‘In this meticulously researched, engaging book, Kristian Coates Ulrichsen explores the devastating consequences of the Great War for the Middle East and the battles fought there on behalf of the European belligerents, as well as the lasting imprints of the War on the region’s political geography. This is essential reading for anyone interested in the history of the Middle East and the study of the formation of modern state-system in the region.’ — Mehran Kamrava, author of The Modern Middle East: A Political History since the First World War
‘In this concise yet deeply researched book, Ulrichsen seeks to correct widely held Western misperceptions about WWI and its role in staging the collapse of the Islamic Caliphate and the resultant shaping of arbitrary Middle Eastern borders. … Relevant for anyone with an interest in the Middle East.’ — Publishers Weekly
‘This is a timely and important book. In an age when the post-war imperial political system across the region is being eroded by warfare and turmoil, it is indeed edifying to reflect on the causes and consequences of the First World War in the Middle East. The significance of this book lies in the fact that it is not merely a military history, but also excellently weaves together the differing European and Middle Eastern perspectives on the war, situating it in its proper geo-political context by examining not just the war itself, but also what preceded it, and, above all, what the war brought about in terms of socio-economic, cultural, and political transformations.’ — Johan Franzén, Senior Lecturer in Middle Eastern History, University of East Anglia, and author of Red Star Over Iraq: Iraqi Communism Before Saddam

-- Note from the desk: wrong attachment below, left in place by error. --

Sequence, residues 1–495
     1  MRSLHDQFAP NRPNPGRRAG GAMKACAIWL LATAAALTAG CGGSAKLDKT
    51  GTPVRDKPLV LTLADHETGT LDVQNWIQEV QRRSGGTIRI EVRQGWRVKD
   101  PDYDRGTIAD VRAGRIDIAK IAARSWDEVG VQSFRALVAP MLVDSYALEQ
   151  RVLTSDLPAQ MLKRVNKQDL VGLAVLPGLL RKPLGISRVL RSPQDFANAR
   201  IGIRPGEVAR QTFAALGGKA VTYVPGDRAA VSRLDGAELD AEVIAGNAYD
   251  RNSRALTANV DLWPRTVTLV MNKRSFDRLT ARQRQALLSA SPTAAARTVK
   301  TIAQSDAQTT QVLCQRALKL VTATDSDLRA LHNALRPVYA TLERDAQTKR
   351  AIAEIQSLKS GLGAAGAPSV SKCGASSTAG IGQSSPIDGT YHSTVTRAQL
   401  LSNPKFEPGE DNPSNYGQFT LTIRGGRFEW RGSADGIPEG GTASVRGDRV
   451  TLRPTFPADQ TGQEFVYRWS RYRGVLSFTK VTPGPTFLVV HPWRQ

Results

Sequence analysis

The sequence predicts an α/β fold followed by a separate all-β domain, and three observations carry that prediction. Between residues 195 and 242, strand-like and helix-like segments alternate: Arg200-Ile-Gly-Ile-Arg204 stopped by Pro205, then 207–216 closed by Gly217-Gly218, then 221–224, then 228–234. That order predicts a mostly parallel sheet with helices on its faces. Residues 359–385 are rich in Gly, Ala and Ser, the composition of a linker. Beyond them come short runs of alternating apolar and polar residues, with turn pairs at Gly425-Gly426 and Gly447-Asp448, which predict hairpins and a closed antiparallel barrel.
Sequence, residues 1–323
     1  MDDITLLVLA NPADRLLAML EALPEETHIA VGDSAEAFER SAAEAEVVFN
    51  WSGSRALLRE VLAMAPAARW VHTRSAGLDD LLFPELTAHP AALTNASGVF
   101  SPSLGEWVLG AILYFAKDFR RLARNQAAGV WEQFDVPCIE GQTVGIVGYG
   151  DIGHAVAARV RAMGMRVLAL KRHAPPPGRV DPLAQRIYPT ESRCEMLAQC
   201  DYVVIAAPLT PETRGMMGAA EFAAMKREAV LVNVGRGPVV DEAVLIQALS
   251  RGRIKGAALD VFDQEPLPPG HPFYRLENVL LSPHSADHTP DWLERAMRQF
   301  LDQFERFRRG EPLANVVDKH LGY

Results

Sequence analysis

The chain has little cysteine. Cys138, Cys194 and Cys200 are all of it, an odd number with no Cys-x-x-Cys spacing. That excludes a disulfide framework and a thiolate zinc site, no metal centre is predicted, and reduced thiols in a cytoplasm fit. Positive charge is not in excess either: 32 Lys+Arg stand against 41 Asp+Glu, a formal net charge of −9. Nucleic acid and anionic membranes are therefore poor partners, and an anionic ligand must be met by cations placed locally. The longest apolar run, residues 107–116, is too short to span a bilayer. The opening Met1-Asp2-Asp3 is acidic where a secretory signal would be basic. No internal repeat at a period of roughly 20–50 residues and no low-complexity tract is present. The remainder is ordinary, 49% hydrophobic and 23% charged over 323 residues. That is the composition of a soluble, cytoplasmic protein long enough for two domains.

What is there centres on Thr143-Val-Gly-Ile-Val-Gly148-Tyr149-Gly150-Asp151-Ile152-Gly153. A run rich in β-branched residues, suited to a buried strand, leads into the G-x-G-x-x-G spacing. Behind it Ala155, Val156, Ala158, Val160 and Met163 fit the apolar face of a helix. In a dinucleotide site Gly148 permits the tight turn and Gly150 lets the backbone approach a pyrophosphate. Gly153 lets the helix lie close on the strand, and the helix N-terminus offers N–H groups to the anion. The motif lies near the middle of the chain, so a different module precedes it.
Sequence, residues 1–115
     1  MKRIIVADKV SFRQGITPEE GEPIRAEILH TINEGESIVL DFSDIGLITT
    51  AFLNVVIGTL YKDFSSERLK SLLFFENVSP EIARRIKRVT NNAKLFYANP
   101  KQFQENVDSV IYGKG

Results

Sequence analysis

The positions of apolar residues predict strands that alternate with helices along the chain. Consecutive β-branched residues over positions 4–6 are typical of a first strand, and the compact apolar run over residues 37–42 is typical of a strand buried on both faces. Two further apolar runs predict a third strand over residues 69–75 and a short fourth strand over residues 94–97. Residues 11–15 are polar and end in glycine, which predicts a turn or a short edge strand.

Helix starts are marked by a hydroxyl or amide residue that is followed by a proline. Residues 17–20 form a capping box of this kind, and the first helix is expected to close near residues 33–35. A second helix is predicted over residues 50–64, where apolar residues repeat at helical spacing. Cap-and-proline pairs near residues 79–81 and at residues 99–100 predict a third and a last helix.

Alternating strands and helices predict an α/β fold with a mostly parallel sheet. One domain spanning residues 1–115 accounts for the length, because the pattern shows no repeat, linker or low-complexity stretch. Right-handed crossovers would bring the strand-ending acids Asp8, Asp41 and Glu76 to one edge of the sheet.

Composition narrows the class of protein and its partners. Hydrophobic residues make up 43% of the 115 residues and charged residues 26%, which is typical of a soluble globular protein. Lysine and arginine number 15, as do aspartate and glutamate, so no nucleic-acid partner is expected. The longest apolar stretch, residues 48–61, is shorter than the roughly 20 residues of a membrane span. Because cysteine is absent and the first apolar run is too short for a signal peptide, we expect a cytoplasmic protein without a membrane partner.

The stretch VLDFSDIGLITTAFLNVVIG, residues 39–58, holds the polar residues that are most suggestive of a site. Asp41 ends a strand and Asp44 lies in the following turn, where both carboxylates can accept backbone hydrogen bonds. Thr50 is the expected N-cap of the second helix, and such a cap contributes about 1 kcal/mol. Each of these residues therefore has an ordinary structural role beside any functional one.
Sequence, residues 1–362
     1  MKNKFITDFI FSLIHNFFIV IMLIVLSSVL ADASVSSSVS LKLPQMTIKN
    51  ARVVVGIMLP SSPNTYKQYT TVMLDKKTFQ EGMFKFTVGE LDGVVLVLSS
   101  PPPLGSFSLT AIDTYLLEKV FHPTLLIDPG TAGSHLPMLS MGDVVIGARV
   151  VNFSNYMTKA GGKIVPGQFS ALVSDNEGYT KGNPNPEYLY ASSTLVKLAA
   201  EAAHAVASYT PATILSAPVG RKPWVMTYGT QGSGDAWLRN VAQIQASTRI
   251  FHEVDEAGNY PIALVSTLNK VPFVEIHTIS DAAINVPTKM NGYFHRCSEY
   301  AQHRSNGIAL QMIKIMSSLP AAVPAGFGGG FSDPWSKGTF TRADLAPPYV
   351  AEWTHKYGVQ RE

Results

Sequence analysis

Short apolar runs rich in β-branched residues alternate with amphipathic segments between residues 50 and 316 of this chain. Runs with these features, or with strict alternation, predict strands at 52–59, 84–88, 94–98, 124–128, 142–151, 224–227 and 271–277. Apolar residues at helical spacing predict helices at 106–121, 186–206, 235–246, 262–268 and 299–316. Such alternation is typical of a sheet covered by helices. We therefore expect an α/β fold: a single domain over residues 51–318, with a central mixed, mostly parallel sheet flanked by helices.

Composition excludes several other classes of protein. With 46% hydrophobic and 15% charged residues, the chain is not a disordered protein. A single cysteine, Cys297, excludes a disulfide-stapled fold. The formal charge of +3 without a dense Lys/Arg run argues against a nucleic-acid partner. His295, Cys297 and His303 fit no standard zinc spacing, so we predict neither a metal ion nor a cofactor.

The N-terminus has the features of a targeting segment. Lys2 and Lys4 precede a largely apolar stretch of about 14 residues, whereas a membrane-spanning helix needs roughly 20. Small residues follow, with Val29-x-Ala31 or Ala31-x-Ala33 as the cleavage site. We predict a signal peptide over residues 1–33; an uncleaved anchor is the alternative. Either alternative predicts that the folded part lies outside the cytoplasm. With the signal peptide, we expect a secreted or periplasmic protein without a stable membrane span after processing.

‘Lively and compelling…gives a particularly thorough account of the diplomatic relations between the powers, and also of the ways in which policy was formulated within and between Britain, France and Russia, and by the Ottoman government.’ — International Affairs
‘Kristian Coates Ulrichsen’s important study is the first account of the Middle East during the First World War. It is both very readable and a scholarly synthesis of the military, political and social history of the region as well as detailing the legacy of the war.’ — Alan Jeffreys, Senior Curator, Social History at the Imperial War Museum
‘Ulrichsen’s valuable new book…underscores how soldiers and local civilian populations in the Middle East often suffered as much as those in Europe.’— W. Andrew Terrill, Middle East Journal, 2014
‘A comprehensive and thoughtful overview of the region’s major battles and their consequences grounded in the social realities of the time.’ — Elizabeth F Thompson, H -Diplo
‘…impressive … Concise but comprehensive, this book deftly synthesizes accounts of the various military campaigns [in the Middle East] with broader analysis of its massive social, geopolitical and economic consequences.’ — William Armstrong, Hurriyet Daily News
‘The book is academically robust, detailed and well sourced. It is written in an accessible style and the index and chapter headings enable the reader who does not have the time to read from cover to cover to identify areas of specific interest.’ — The Arab Banker
‘This book is an extremely interesting overview of events in Palestine and the wider Middle East during World War I and the resulting peace settlement.’ — C.W. Squire, HM Ambassador to Israel 1984-88, The Overseas Pensioner
Kristian Coates Ulrichsen is Fellow for the Middle East at Rice University’s Baker Institute for Public Policy, and an associate fellow of Chatham House’s Middle East and North Africa programme. His books with Hurst include The First World War in the Middle East and The Changing Security Dynamics of the Persian Gulf.